For many U of T students, yoga is a popular athletic activity for those who want a workout for both their body and their mind. Yoga has become so popular and widespread in its practice that it’s funny to think that it wasn’t always popular in the West.
Yoga can be traced back to nineteenth century India. You may know that yoga is a spiritual practice, but for Hindus it is also a religious act and is included in daily prayer. The entire point of yoga — the Sanskrit for ‘divine union with God’ — is to free oneself from the cycle of rebirth so as to become one with the divine. As it turns out, however, this is easier said than done.
There is an eight-step process to reaching the divine; with physical postures comprising just one step. The postures called asana, are comprised of 15 original poses which are designed to relieve tension so that one may overcome material boundaries and reach the divine. Yoga was meant to be between a student of the lord and their teacher, or guru.
Now, however, yoga has become more popular, and been increasingly adapted for Western consumption during the exercise boom in the early 70’s. Americans were becoming more and more open to other cultures which was instrumental in popularizing the practice. “Yoga just makes me feel so good,” said third-year science student Andrea Guljas, adding that on top of feeling relaxed, it also makes her feel accomplished. “It makes me feel strong when I do a hard class.”
Jill Cressy, the assistant manager, fitness & instruction, Faculty of Kinesiology & Physical Education at U of T, agrees that yoga is especially beneficial for students — not only to get moving, but also to relax and revitalize the mind.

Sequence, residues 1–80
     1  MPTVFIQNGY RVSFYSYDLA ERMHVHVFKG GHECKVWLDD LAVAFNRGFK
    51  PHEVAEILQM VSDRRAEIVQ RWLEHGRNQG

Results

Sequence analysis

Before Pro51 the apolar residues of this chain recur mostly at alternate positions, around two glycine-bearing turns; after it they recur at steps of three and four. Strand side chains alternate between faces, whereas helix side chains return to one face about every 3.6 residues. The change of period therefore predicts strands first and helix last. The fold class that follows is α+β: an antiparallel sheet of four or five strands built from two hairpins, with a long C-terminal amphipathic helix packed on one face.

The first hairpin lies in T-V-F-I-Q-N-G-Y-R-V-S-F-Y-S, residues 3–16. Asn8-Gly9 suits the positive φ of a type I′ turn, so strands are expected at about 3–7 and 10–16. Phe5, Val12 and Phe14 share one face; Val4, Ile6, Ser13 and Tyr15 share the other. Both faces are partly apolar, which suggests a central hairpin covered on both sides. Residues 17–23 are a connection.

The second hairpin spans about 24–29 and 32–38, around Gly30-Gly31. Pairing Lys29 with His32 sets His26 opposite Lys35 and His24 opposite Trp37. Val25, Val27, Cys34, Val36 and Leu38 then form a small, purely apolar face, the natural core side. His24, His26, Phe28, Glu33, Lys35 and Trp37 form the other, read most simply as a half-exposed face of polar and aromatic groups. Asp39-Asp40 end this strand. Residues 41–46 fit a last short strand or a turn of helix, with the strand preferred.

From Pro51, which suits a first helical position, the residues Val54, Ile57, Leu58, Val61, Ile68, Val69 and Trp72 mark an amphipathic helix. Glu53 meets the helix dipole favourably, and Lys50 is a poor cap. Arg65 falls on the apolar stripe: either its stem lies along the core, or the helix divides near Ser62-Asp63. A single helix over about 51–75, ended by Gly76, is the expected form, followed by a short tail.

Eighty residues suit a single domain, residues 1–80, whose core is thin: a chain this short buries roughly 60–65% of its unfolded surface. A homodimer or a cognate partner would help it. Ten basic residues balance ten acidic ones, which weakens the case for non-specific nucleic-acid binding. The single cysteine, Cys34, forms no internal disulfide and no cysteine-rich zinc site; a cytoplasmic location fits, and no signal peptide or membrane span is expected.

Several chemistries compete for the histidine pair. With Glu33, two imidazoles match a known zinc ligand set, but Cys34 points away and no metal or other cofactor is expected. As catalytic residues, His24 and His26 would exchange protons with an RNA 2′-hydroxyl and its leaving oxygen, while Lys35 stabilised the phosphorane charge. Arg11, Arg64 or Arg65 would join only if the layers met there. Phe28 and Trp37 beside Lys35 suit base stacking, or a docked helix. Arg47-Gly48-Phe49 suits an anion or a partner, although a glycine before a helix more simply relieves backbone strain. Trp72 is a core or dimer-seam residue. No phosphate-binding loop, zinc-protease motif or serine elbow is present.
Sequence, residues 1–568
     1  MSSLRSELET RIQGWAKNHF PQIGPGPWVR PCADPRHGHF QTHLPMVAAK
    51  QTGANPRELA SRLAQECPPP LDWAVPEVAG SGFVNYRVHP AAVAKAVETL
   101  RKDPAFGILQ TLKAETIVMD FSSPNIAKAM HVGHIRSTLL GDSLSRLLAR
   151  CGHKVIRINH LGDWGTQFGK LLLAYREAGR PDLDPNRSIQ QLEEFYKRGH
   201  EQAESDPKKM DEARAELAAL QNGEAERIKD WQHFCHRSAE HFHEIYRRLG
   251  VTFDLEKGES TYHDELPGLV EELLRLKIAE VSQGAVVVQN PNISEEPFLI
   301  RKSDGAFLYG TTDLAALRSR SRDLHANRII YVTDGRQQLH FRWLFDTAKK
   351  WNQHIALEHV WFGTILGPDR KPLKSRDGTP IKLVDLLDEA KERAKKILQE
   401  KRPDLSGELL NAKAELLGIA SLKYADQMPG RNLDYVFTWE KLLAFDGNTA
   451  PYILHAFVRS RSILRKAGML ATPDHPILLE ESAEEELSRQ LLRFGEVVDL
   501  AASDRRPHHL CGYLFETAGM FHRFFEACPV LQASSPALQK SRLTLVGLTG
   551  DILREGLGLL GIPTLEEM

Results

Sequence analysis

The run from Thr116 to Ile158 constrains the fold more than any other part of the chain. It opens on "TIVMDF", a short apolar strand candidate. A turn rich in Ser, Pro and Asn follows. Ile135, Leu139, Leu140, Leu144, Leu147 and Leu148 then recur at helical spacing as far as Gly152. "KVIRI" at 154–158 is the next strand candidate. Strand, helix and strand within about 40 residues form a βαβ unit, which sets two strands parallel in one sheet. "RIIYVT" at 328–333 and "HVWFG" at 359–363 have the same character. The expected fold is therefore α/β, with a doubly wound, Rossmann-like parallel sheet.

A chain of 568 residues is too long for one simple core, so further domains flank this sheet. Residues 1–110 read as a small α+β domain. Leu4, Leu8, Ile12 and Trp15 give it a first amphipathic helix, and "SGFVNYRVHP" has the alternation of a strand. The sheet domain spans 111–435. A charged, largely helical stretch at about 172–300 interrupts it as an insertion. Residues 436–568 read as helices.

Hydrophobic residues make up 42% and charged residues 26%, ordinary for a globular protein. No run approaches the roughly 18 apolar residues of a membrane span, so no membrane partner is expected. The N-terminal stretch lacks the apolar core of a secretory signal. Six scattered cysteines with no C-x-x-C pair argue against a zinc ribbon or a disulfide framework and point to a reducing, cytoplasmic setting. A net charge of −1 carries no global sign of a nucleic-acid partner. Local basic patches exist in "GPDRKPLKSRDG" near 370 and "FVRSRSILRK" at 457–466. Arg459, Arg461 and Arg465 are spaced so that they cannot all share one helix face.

“Students who regularly practice yoga may find it’s easier to focus in their academic classes and stay alert while studying and taking exams,” said Cressy, who also maintains that the benefits of yoga aren’t limited to students and can help improve anyone’s core strength, flexibility, and posture.
A yogafit instructor at the Athletic Centre, Cressy also highlights the importance of community engagement in her practice, and insists that group yoga is also beneficial as it instills a sense of belonging in her students. “Taking a yoga class on campus can help students find new people to study with, make new friends, and connections to engage in meaningful conversations, and enhance the overall student experience,” she said.
Siena Dixon, yoga teacher at Kula yoga studio in the Annex, agrees that yoga is something she does to relieve stress and anxiety, as well as to build confidence, “[yoga] is ultimately a real personal practice. For me it began as a physical interest and has now transformed into a mental practice as well.”
Dixon, who had to complete a 200 hour teaching course to become a certified teacher, was inspired to teach yoga because of the confidence it gave her, and believes that a yoga class should strike a balance between athleticism and mindfulness. “In a physical sense, it’s a great addition to fitness routines… I find that a lot of men get into yoga to complement their other sports and activities. It can also help reduce injuries,” she said.
Although there are multiple physical and mental benefits associated with yoga, adoption of the practice in the West has been criticized by some for fostering a culture of yoga, which has become increasingly commercialized. “Yoga has been largely used in the West to promote a certain higher class cultural capital,” said Farzana Khan, adding that brands like Lululemon are cashing in on traditional yoga items like mala beads and yoga mats, without so much as a thought for their Hindu origins.
Khan, who is a fourth year women and gender studies and religion major, posits that as yoga becomes more wide spread, and is adopted further in the West, the practice becomes less authentic. “As yoga becomes more transnational, it shifts away from its authenticity and from India’s tradition,” she asserts, citing the ‘take back yoga’ movement initiated by The Hindu American Foundation, which is trying to steer the practice back to its religious roots. Although Khan believes that the psychological and mental benefits of yoga are secondary to its ‘trendiness’, she asserts that simply buying into the fad isn’t getting you any closer to the divine. “Long term practices of yoga have been proven to reduce stress and increase well being,” said Khan, adding, “but you don’t need the commoditized yoga products to achieve this state.”